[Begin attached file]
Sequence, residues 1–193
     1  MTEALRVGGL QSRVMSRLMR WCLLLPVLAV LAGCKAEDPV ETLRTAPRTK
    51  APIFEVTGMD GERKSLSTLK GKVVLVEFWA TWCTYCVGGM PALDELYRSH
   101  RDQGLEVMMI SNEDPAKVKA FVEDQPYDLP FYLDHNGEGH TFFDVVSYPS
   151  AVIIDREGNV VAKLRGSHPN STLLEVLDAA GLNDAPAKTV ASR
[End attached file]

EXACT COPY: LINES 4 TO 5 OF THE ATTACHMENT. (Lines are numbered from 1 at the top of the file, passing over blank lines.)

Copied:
   101  RDQGLEVMMI SNEDPAKVKA FVEDQPYDLP FYLDHNGEGH TFFDVVSYPS
   151  AVIIDREGNV VAKLRGSHPN STLLEVLDAA GLNDAPAKTV ASR